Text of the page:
A few notes from yesterday’s Brookings event unveiling “Missed Opportunity: Transit and Jobs in Metropolitan America.”
– Over the course of the recession, household incomes have fallen by $2000 and now gas costs have increased by $1000. That’s quite a squeeze!
– By 2050, America will add 130 million people — equivalent to the 2010 population of every state west of the Mississippi.
– Interesting distinction (which they explore in the report) within the Sunbelt between Western and Southern cities. I knew (having grown up in a southern suburb) that Southern cities lagged in transit coverage, but it’s really quite striking just how awful the buses are down there.
– 70% of metro Americans have transit access at home, so when people say “I don’t live near transit, it doesn’t benefit me” they’re probably lying. Put more nicely, that’s a teachable moment, and agencies could market their services better.
– The online mapping tool‘s “travel time” feature kind of reminds me of Mapnificent, but with less elegant geography and with some other data layers available.
– Sec. LaHood, answering a question about how to sell his fellow Republicans on the mere idea of investment, underscored that “debt is one priority among many.”
– These are the “biggest cities” for those of us who have specialized occupations, despise long commutes, and refuse to drive to work; i.e., metros ranked by the number of jobs reachable by the typical transit served household within a 45-minute trip (and their metro population rank in 2010):
New York: 946,058 (1)
Boston: 346,424 (10)
Chicago: 317,096 (3)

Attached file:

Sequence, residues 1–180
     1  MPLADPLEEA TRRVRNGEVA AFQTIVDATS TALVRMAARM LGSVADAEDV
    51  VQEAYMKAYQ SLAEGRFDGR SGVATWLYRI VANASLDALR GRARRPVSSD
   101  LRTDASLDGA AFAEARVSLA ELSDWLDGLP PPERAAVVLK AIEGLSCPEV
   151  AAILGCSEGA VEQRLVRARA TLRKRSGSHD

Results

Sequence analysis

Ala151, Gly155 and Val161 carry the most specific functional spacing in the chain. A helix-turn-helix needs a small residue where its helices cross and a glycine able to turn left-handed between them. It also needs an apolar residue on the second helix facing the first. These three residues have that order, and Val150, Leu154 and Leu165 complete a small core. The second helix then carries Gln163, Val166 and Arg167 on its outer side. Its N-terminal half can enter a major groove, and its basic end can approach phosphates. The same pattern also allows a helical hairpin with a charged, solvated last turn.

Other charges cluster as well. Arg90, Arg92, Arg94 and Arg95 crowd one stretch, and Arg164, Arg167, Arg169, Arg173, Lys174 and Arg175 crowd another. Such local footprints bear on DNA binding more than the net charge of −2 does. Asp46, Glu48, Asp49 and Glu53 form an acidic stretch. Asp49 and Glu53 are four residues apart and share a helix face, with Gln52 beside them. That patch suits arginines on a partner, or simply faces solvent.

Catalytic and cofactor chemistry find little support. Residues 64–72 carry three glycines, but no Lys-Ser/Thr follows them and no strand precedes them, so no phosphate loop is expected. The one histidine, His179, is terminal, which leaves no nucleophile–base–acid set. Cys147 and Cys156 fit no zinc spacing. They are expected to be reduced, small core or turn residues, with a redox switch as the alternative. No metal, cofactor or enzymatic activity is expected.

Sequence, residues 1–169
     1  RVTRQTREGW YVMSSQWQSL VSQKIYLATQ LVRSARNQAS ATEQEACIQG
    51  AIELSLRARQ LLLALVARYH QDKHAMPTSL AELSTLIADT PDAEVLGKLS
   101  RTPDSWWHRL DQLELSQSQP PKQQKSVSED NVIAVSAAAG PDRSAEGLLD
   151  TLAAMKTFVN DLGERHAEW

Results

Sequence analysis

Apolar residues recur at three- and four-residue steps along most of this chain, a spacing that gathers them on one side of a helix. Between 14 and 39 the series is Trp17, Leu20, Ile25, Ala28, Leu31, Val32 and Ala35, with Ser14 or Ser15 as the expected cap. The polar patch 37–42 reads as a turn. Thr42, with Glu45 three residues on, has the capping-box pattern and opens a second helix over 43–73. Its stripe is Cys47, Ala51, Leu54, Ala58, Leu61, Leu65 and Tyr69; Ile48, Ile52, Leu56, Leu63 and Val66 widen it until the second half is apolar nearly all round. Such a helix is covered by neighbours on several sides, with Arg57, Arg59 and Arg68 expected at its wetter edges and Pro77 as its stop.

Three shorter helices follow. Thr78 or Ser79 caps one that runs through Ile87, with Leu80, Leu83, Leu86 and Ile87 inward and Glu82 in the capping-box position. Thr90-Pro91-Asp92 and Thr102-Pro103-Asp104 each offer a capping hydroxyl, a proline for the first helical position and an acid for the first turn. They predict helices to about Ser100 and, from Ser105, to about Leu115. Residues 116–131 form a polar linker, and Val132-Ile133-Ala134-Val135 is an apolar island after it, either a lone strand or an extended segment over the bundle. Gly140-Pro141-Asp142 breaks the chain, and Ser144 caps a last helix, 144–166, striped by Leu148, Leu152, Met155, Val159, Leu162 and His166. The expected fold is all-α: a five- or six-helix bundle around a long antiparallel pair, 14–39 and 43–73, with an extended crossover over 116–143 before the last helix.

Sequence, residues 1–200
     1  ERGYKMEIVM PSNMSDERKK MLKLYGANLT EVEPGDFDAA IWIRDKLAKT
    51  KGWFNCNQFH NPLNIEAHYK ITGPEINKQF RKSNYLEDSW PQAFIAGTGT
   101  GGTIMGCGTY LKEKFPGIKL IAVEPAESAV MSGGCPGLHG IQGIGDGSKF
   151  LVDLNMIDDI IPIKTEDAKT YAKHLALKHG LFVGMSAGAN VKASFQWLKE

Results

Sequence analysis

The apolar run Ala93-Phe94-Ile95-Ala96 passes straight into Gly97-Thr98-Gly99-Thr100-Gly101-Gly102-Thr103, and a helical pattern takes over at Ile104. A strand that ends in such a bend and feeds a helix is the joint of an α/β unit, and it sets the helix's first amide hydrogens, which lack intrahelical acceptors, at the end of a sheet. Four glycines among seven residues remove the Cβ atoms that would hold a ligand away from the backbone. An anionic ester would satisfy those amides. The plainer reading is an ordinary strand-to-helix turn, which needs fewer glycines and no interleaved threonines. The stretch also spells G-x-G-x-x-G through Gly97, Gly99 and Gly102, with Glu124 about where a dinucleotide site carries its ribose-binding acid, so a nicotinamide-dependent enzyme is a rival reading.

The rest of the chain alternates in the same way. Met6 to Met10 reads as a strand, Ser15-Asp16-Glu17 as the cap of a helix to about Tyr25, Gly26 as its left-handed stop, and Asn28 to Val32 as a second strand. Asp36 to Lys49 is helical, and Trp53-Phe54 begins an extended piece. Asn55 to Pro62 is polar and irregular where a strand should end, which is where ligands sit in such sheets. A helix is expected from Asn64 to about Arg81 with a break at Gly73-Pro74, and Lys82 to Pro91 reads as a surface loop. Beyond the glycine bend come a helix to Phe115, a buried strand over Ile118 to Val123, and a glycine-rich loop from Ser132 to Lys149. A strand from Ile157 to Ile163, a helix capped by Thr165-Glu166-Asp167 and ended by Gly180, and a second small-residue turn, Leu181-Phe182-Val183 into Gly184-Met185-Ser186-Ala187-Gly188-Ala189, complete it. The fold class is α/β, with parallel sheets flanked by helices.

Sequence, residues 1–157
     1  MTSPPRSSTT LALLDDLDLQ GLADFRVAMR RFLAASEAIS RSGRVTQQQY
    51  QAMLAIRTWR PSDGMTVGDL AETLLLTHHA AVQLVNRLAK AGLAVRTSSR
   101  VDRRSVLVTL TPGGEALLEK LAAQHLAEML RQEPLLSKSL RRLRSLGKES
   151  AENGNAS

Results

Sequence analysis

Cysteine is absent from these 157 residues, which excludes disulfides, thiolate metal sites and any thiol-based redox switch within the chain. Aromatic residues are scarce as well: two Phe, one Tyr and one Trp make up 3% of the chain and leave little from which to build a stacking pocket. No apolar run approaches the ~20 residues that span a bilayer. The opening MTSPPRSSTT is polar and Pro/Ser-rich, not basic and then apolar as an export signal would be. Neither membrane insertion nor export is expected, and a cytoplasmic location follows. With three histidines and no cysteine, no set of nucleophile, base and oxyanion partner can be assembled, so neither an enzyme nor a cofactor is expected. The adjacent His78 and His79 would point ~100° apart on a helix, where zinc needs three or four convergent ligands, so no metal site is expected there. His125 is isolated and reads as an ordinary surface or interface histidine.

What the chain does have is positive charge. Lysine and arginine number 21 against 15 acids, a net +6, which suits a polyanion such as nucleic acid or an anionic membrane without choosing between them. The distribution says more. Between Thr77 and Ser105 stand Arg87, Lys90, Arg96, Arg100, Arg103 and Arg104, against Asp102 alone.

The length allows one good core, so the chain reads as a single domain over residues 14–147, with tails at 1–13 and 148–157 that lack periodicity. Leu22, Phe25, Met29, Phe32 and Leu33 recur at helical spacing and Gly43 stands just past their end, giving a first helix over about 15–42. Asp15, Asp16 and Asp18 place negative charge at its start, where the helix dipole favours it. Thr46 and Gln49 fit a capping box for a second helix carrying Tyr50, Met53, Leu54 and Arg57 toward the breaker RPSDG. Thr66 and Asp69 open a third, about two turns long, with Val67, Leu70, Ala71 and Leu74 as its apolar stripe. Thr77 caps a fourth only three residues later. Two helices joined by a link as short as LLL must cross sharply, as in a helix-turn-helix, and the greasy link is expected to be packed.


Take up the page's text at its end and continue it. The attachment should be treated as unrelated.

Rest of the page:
Washington: 277,092 (7)
San Francisco-Oakland: 240,819 (11)
Los Angeles: 225,838 (2)
Philadelphia-Camden: 202,724 (5)
Milwaukee: 135,829 (39)
Minneapolis-Saint Paul: 130,967 (16)
Houston: 126,364 (6)
Seattle: 117,441 (15)
Baltimore: 106,384 (20)
Pittsburgh: 102,333 (22)
Three bigger themes worth exploring:
– Households appear to be increasingly sold on the value of transit access, but it seems that corporate decision makers need to learn about the value of transit accessibility. Regional chambers of commerce would be a good platform for this education — one example that comes to mind is the Metropolis Pledge — and perhaps also commercial real estate brokerages could play a role. Once upon a time, I worked for a company that was in the process of relocating a large number of workers away from transit; their internal surveys showed that many workers were displeased with the move, but employees were only consulted after the decision had been made.
– Last mile circulation does not appear cost-effective with standard metrics like farebox recovery ratio or passenger loads, according to Keith Parker from VIA in San Antonio. Yet this segment of the transit market is the prime PPP opportunity, whether in shuttle buses or TOD or whatever, since the last mile is where the real value capture opportunities lie.
– From an urban design standpoint, there’s been some discussion at past CNUs about workplace New Urbanism, and to broaden the typical definition of “mixed use” from the usual (residential with some retail and maybe a bit of office, all of which is fairly high-rent). It’s a little disingenuous to say that all workplaces can be brought near transit — many of the low-skilled industries that Brookings identifies as lacking in transit access are probably hopelessly dispersed or just rural (agriculture, forestry, mining, repair, construction). Seems like there’s plenty of scope to bring many mid-skilled industries (manufacturing, TCU) into the TOD fold.